During a nightmare, you are subject to whatever feelings of fear and helplessness that the dream situation brings up. When you wake up, though, you are no longer dealing with the nightmare itself, which is over, but with the memory, which lingers sometimes for an entire lifetime.
Without any further discussion, here is what you can do about it. I will use my own dream experiences as illustrations, though I have helped hundreds of others with the same techniques. Pick whichever method most appeals to you, or feel free to experiment with each.
The essence of these techniques is that you are working directly with the memory of the nightmare, which still exists, and not with the nightmare itself, which is over and done with. There are two very important consequences of this.
1. Because the original experience no longer exists, it is the memory that is the problem.
2. Because the memory is the problem, you don’t have to go back to sleep to deal with it. You can work with it directly while awake and aware.
Option 1: Change Your Reaction
After you wake up, as soon as you are able, pick a point in the memory of the nightmare where you reacted to something that was happening, and with your conscious imagination, change your reaction. Sometimes this changes how you feel about the nightmare, and sometimes it results in a spontaneous change in the characters and events that turns the nightmare into just an interesting dream.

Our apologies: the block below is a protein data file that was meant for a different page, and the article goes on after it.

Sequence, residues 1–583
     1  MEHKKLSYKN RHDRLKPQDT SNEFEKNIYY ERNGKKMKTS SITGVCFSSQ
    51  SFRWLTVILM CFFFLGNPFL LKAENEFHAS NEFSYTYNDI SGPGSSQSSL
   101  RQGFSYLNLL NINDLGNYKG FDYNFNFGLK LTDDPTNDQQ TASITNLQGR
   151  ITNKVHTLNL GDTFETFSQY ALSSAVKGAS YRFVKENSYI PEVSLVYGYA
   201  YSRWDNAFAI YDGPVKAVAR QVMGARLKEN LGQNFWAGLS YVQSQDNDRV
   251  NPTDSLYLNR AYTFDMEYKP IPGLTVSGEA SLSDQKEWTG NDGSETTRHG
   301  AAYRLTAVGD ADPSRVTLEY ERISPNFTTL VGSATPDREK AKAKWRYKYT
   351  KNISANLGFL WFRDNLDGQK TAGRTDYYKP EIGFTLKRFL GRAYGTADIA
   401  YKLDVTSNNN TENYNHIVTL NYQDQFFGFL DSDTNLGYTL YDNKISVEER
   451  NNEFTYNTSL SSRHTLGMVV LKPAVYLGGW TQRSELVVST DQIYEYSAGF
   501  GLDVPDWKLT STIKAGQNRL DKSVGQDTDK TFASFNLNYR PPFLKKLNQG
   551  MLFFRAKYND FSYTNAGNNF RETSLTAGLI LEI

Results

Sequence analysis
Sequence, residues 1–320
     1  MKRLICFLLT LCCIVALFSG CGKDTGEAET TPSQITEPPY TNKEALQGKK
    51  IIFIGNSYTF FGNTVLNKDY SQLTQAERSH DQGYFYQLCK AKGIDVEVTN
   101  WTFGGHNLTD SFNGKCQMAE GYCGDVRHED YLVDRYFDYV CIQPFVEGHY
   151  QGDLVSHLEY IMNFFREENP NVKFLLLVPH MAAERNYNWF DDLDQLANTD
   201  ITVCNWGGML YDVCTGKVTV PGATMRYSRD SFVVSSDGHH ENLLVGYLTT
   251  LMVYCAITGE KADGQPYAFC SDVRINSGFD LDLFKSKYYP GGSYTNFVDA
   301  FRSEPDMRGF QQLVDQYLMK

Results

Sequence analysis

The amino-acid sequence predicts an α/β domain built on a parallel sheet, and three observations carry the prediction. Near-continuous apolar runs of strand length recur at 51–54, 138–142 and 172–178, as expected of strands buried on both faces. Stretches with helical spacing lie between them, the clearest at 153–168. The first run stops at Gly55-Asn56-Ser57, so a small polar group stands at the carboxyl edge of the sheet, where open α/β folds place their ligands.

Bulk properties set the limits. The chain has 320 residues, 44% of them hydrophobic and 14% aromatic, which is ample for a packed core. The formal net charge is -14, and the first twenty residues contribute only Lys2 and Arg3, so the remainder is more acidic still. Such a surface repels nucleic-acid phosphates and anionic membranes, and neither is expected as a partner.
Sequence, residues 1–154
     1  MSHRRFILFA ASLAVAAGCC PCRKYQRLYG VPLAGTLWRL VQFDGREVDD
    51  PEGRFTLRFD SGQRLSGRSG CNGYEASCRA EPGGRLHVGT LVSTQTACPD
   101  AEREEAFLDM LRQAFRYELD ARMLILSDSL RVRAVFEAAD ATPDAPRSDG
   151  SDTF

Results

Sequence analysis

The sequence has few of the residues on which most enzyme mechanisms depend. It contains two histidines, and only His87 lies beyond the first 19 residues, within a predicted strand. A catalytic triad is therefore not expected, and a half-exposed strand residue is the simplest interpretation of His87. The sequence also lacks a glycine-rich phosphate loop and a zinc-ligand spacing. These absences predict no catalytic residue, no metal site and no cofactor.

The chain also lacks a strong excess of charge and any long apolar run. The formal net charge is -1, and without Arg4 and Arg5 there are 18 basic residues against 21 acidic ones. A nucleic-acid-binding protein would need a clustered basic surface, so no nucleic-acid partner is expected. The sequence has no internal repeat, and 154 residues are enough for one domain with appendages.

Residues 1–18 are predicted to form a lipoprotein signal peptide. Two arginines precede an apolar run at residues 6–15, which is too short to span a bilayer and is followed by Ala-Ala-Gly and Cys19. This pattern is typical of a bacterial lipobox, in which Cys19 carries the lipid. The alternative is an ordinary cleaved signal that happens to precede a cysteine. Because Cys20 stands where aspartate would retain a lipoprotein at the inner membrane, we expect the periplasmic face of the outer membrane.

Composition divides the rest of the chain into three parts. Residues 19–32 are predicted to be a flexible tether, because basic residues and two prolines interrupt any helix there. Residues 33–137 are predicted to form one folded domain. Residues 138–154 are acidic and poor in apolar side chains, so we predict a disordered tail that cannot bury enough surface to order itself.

My wife gets very angry because I haven’t piled up her clothes properly and I’m thinking I should pick them all up and put them away and she yells at me and I angrily pick up one of her panties and put it on a pile. I still think I ought to put the clothes away, but I’m getting confused and it’s hard to think clearly. She begins yelling again that she has no respect for me and I get more angry, but still look at the clothes in a confused way. We get into a shouting match and I wake up very upset.
When I wake up, eyes still closed but awake and remembering the dream, I decide that the dream needs changing, but find it very difficult to do. This is unusual for me, but indicates that some strong beliefs are at work. I keep working at it and finally am able to imagine picking up the clothes and putting them in a box in a room of my own upstairs, and this leaves me feeling satisfied and happy. Oh, and by the way, my dear, sweet wife never gets angry with me like that in Waking Life.
Option 2: Change the Story